With the recent bout of Siberian weather in Montreal, last night’s evening of Russian music at the Maison Symphonique felt positively balmy. Under the baton of Russian conductor Gennadi Rozhdestvensky, and featuring his wife Viktoria Postnikova on piano, the OSM’s performance of two works by Piotr Ilyich Tchaikovsky brought a little warmth to our snow-frozen city.

The concert opened with the programmatic Manfred Symphony (unnumbered, but written after he wrote his Fourth and before the Fifth: no. 4.5, if you will). Based on a poem by Lord Byron, the symphony recounts the über-Romantic tribulations of Manfred, who, desperate to escape the cruel torments of his past, the hopeless longings of his present, the never-ending and always unanswerable questions of existence, wanders the Alps in despair. In short, our Romantic hero is heartbroken over the loss of his lover Astarte, and neither his wanderings nor his attempts to summon the powers of darkness bring him relief. All is not yet lost, however: in the second movement an Alpine Fairy miraculously appears in a waterfall’s rainbow, and in the third, solace is sought among the simple mountain people. But alas, during the obligatory Bacchanale in an underground palace in the fourth movement, the ghost of Astarte appears, foretelling the end of Manfred’s earthly sufferings, at which point he finds the relief he has been seeking... in death. Those Romantics: what pleasure they took in suffering for love!

From the opening bassoon solo to the heavenly harps to the percussion (so satisfying to the Romantic soul, the long, slow, agonizing build-ups from triple pianissimo strings to the fortissimo explosion of cymbals, timpani, bass drum, and full orchestra!), the first movement highlights not just Tchaikovsky’s phenomenal ability to express the profundities of human emotion through tone colour, melody, and dynamics, but also the fantastic acoustics of the still relatively new Maison Symphonique (the OSM moved into its new home in September 2011). Every sound comes alive, every nuance shines. If you live in Montreal and haven’t yet experienced the new hall, run, don’t walk, to the next concert (if you can find one that’s not sold out).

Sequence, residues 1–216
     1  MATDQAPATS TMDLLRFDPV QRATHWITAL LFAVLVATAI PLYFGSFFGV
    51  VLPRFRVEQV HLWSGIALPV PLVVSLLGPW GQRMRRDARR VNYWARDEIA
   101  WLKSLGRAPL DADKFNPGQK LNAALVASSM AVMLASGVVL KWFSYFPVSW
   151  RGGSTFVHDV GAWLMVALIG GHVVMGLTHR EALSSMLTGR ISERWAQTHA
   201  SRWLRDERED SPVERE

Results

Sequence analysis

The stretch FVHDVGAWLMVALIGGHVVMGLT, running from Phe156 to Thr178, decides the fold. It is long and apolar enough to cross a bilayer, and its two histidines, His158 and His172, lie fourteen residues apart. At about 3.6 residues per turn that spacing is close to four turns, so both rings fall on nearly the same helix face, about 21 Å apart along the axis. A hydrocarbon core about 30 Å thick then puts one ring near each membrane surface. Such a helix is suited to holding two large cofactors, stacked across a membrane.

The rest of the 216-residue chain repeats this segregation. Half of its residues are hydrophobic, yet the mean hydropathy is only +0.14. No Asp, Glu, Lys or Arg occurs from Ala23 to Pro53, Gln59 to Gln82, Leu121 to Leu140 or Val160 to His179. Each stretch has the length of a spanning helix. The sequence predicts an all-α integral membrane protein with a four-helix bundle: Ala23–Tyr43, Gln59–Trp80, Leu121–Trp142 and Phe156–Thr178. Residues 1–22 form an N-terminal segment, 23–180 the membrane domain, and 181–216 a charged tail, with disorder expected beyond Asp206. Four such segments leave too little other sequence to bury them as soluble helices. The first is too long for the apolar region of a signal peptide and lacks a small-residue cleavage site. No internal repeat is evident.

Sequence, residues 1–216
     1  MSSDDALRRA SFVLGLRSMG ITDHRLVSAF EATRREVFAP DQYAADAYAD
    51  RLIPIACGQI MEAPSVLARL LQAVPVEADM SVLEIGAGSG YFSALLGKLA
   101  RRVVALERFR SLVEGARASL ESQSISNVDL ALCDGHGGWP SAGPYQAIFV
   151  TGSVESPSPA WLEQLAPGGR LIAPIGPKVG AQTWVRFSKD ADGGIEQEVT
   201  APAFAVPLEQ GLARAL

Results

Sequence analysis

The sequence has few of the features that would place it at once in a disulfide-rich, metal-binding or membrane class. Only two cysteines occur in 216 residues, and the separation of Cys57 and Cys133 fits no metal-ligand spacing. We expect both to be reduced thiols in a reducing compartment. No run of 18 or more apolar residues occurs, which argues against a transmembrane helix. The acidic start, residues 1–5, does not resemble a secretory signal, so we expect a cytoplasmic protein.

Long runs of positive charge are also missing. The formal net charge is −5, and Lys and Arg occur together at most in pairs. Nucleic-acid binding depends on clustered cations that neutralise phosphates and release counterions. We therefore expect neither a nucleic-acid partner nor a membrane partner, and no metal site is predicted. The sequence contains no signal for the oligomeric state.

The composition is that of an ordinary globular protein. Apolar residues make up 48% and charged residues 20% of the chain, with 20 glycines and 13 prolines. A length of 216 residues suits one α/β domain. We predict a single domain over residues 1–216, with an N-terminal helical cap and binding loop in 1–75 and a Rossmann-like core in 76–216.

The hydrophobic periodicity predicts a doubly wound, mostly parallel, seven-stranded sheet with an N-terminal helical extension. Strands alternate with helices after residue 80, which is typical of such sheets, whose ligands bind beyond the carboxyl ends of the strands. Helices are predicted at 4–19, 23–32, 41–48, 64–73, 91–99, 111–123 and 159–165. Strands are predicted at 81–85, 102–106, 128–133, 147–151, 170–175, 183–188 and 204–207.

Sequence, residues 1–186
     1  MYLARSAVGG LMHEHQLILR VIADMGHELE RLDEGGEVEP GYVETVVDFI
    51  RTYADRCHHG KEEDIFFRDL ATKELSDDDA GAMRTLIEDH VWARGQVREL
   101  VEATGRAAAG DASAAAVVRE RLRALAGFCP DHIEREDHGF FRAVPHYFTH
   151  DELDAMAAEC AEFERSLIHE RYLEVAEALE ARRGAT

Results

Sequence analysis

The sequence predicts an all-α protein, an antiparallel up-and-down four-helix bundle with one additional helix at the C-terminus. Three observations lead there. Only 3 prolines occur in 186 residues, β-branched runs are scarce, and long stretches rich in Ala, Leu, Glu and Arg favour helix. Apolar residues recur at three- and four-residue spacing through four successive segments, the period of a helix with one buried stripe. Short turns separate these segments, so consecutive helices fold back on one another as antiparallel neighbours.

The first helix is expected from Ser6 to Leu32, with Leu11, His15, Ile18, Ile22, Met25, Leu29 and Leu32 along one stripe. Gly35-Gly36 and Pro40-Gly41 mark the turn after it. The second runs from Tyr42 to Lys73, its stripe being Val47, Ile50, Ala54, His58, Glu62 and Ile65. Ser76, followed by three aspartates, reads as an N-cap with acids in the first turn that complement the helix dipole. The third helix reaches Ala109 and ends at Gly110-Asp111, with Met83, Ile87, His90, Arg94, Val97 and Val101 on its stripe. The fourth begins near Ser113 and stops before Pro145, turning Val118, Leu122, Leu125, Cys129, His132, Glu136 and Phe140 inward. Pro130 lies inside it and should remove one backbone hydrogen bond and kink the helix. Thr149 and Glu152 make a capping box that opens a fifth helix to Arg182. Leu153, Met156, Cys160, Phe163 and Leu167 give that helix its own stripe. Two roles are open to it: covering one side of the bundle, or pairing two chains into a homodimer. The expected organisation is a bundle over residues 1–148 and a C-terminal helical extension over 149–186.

Under Rozhdestvensky’s direction – admittedly less minimalistic than when I last saw him conduct many years ago – the spritely winds in the vivace second movement bring waterfall and fairy to life, and likewise the exquisite pizzicato string passage at the end of the same movement takes them back to the land of the imagination. The third, pastoral movement is arguably the least interesting, but of course rural scenes merely provide temporary distraction from the inevitable return of yet more suffering. The tolling bells in this movement remind us that where Romantic lovesickness is concerned, you can run, but you can’t hide.

The fourth movement is a tour de force of orchestral virtuosity and Romantic excess, featuring some very impressive brass playing, a fugue, an Eastern-sounding march, and a part for harmonium towards the end. It would have been wonderful to hear that part played on the hall’s stunning organ, which will only be inaugurated in May 2014.

I confess that it’s difficult to hear Tchaikovsky’s First Piano Concerto with fresh ears – a more overplayed piece of music is hard to come by. Which is ironic, considering that it was thought to be unplayable by Tchaikovsky’s contemporary Nicolai Rubinstein. History has certainly proven him wrong, perhaps a few too many times. In any case, in the capable hands of pianist Viktoria Postnikova, the many ridiculously difficult passages sound effortless.

One of the challenges in any Romantic concerto lies in making sure that the solo instrument is heard over the massive sound of the full orchestra. Despite the strength of Postnikova’s playing, during fortissimo passages the piano sounded somewhat muddy and was often overpowered by the orchestra. On the other hand, during quieter passages, the musicality of her playing, the complete control and mastery of her touch, the sheer sparkle of the sound, shone through. Especially stunning was the cadenza in the first movement (during which of course there was no orchestral part to compete with), with its tinkling bell-like runs. And when the orchestra quietly joined back in at the end of the cadenza and transitioned to the final section of the movement: pure magic.

The second movement had some magical moments as well, for instance the opening flute solo over pizzicato strings, as well as the first piano solo, which itself sounded flute-like in its clarity. The third movement began after the briefest of pauses, its rousing rhythmic virtuosity inviting many a swaying head in the audience and an immediate standing ovation at the end.